Although the film force-fed the audience ahappy ending, later films would not. Some of the sets are quite obviously fake but it actually works in this movie. Minelli's role is utterly thankless, but she's absolutely the onlything that kept me watching. If anyone ever says that DeNiro had irresistible charisma then this film proves them wrong. The best part of the movie is this dreary routine, the comforting tedium of the road, with its slapdash tourist courts and ritzy roadhouses and card games on the bus. There was some problems with the script. There are moments of heartbreak and passion, but just as many scenes with nothing but flailing about.
Minnelli's vocal talent is the only saving grace of this movie. At this time and age, 2000's , very few people can relate to the dysfunctional relationship between the two leading characters. Personally, I think he just wanted to do it and had no deeper reason. After that, however, it seemed to disappear. Minnelli searches in vain for a tighter direction, and she doesn't look comfortable with dramatic improvisation her song numbers were probably carefully planned out, and in these instances she shines. I mean, he is in Raging Bull, too, but you always know you aren't supposed to like Jake La Motta.
Their reality has become our fantasy, and, possibly, our reality has become their fantasy. Years later it was all there, reel 7 and the whole number, but the labor requited to just sit there all through it. Heavy-handed, heavy-going movie has the feeling of an expensive experiment, and Scorsese at times appears to be winging it with his leads. The second flaw is in the film's basic gimmick: the art design is artificial in a way that recalls the classic Hollywood musicals of the '40s and '50s, but the acting and level of realism is much more in line with the gritty films of the time. The only answer I can think of is that he was trying to criticize Hollywood in its Golden Age.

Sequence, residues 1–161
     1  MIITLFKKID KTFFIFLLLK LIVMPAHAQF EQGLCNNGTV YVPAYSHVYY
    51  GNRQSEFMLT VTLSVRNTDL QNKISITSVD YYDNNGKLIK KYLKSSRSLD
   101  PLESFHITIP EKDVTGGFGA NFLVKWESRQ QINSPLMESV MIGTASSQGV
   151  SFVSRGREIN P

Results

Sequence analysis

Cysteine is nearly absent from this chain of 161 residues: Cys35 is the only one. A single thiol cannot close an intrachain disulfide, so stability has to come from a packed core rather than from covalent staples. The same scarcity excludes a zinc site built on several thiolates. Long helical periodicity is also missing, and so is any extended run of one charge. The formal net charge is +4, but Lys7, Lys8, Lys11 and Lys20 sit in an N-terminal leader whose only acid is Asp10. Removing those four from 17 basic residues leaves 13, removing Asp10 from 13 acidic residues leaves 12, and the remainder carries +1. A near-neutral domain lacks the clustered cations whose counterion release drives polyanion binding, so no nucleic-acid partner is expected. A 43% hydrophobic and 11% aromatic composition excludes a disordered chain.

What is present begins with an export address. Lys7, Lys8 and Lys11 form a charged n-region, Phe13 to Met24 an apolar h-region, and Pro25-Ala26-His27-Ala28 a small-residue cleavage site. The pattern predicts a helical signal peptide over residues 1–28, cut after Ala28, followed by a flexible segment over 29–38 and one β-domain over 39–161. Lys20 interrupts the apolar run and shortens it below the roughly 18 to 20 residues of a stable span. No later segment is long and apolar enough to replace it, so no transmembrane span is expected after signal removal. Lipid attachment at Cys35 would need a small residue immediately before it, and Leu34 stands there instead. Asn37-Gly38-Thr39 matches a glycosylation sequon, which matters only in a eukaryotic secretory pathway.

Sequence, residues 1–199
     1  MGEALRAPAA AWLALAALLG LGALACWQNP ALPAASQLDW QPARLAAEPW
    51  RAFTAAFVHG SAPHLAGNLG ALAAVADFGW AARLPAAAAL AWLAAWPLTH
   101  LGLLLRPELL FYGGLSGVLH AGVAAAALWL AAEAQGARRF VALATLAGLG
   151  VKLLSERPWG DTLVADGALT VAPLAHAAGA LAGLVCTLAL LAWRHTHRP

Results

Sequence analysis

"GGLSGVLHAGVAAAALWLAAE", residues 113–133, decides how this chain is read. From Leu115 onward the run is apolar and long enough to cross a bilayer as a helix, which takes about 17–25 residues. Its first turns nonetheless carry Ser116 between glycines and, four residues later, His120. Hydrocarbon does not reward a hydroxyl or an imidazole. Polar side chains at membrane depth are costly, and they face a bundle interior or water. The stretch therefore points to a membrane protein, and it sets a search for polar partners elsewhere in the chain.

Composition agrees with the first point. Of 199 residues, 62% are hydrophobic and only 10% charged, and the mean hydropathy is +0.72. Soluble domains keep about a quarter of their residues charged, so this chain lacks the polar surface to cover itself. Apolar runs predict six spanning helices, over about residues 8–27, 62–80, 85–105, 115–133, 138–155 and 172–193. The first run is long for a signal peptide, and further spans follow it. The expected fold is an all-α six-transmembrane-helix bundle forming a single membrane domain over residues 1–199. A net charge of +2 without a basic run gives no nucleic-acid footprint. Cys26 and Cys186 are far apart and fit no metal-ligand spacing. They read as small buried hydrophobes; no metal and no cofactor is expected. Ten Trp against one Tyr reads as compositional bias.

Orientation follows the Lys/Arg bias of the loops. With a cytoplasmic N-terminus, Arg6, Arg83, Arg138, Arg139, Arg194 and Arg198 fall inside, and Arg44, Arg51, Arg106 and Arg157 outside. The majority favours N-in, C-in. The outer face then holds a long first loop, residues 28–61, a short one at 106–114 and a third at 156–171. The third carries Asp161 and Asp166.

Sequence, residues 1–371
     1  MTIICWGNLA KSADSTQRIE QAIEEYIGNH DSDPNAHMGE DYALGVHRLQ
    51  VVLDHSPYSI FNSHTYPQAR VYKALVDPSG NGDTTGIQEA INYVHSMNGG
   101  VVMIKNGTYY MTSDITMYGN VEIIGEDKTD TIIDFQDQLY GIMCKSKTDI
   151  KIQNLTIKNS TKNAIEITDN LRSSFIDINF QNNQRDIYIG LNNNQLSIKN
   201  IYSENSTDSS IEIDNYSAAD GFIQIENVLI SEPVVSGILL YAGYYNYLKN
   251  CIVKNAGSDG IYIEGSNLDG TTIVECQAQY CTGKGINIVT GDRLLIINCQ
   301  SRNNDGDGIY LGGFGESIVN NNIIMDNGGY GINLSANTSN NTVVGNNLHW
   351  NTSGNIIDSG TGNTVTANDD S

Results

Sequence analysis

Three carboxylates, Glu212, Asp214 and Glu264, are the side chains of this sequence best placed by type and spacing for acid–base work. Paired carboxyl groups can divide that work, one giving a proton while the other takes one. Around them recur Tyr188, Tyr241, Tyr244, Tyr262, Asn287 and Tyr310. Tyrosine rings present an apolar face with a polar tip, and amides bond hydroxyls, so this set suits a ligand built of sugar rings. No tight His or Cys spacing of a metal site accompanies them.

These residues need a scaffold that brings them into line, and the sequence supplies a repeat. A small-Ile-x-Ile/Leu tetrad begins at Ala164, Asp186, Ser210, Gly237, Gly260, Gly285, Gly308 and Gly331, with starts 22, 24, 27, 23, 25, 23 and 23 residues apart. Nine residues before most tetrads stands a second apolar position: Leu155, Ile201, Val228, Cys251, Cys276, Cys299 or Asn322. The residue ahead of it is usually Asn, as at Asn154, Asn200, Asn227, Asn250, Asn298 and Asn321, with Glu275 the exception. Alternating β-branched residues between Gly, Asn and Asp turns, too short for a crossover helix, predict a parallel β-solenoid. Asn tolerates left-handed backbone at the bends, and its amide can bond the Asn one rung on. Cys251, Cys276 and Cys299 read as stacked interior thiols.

The finale is moving--almost in spite of itself--and the picture may actually have something to say about abusive relationships and letting go. It's like there's ahighly pitched voice of reason trying to remind the audience that inreal life, people aren't so happy as they always seem to be inmusicals. They considered it extremely grating. But there is no singing here, the umbrella is closed, and those feet aren't dancing. I know everyone doesn't love some of you proudly hate musicals, but usually one can find something redeeming in thecharacters who populate the stories. It's about clarinet player Jimmy Doyle Robert De Niro falling in love with Francine Evans Liza Minnelli. It makes for more than one boutof uphill viewing.
This misbegotten homage is more than mere bad taste; did nobody have the decency - or common sense - to spot it and stop it? The only sequel that would be befitting this movie would be if the child of the two characters would grow up to be like Jim Morrison or Kurt Colbain, self-destructive adolescents. Steven Spielberg managed to catch a gung-ho, going-to-war spirit in his maligned 1941, where the jitterbugging is infectious; here, in the emotional release of victory, it's just extras going through their over-rehearsed steps and cameras swooping. Martin Scorsese's deconstruction of the golden Hollywood musical is ameandering disaster. He just comes off as a baby, not as a pathetic schlub. I don't know why it wasn't awarded the Oscar for original song because it's one of the most played songs about New York since it debuted.
The acting is good--almost too good. Sì Totale tracce 3 Traccia n. But even so, what's the point of trying to improve on them by leeching out all the sincerity and most of the fun? But even more difficult is the character ofJimmy Doyle, the abusive husband of the piece. And then De Niro enters her life, from the other end of the spectrum, and emotionally shatters her to pieces. The other half is that this is very much a Scorsese film, despite many claims to the contrary. This explains why the plot was set at a time before psychiatric help is commonly available.